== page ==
Friday, October 24, 2014

Chapter 40

In desperation, Graham took what remained of his knife and tried to force the inch or so of the remaining blade in between the cover grate and the edge of the air shaft.  It did not slide in easily, but Graham worked it into position.  With a firm pull, the screw popped out.  A second corner was free. 
He pushed against the grate again, and this time, it popped quietly open.  He pulled himself through the hole and into the Brain Room.  He squatted down behind the room’s massive bank of blade server racks, put his knife back in his pocket, and breathed. 
The racks stood floor to ceiling about two feet away from the wall.  Each blade server held all of the vital information for a designated group of water production boiler units.  The space where Graham squatted was a type of maintenance corridor – a narrow, dim dead-end where computer engineers would sometimes disappear for days to troubleshoot problems with the Brain Room’s hardware.  The air shaft had been put in behind the server racks to provide ventilation, preventing the servers from overheating.  It was nonetheless very warm back there.  Dark and warm.  Graham felt well concealed. 
The servers hummed as usual.  He peered through the cages to see what he could see; all of the indicator lights on the backs of the servers remained illuminated.  He wasn’t too late. 
Ian was yelling instructions to Peggy Lee.  Graham could not make out her responses, but their exchange assured him that they had not detected his entry.
Graham crawled over to the end of the maintenance corridor and peeked around the corner.  In front of the main console, the two rookie soldiers sat, strapped to their chairs, gagged, and hooded. Two other chairs lay on their side in the middle of the room, and reams of paper had been knocked to the floor.  There had definitely been a struggle, but Ian and Peggy Lee had gotten the best of the soldiers, that much was obvious.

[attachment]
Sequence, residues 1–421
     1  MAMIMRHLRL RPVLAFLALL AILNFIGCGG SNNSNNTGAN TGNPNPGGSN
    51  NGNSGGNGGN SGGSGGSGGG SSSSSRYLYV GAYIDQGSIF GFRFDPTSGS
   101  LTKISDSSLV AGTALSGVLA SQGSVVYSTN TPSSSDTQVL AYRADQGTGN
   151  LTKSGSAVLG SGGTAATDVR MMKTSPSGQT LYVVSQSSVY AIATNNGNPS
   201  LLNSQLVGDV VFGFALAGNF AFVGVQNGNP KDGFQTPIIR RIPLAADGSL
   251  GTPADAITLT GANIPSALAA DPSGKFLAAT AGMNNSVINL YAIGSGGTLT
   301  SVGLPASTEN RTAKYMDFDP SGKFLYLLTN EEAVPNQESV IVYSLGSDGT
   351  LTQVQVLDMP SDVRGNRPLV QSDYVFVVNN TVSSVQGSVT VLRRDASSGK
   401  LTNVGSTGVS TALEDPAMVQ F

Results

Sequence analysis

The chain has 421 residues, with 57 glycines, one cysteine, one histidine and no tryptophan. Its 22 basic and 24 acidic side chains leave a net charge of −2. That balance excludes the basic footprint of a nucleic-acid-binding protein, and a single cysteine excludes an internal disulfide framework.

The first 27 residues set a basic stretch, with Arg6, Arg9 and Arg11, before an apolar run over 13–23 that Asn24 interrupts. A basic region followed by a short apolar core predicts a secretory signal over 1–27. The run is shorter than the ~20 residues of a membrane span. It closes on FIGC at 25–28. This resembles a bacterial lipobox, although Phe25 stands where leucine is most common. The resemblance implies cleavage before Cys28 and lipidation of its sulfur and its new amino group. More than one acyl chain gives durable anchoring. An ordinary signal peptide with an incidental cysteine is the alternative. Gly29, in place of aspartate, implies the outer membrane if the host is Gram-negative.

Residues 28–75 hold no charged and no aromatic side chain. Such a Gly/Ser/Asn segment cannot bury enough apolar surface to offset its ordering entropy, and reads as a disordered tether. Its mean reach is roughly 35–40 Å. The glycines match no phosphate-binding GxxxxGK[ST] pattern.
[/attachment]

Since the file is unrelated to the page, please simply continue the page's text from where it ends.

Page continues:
Peggy Lee was standing over the console with her back to Graham.  Her head was bowed, and Graham could just see the edge of her cheekbone.  She appeared to be readying a device of some sort.  He could only see a few multicolored wires between her delicate fingers, but he knew that it had to be another bomb. 
He recalled that less than half an hour ago she was running those same fingers through his hair as they tumbled into her room in that deceptive embrace – the proverbial spider and fly.  She had hoodwinked and betrayed him, and he had fallen for it completely.  If all had gone according to his plan, the two of them would have been, at that exact moment, sitting outside on the boat, sipping wine and watching shooting stars – maybe talking about life or revealing secrets to each other.  What a fool he had been.  He imagined running at her and pulling her down to the ground by her hair.  He realized, however, that he did not know what he would do after that.  Part of him wanted to scream in her face – loud and angry so she would fully register the depth of his injury.  Another part of him just wanted to finish the kiss – to see if it had in fact been a complete lie.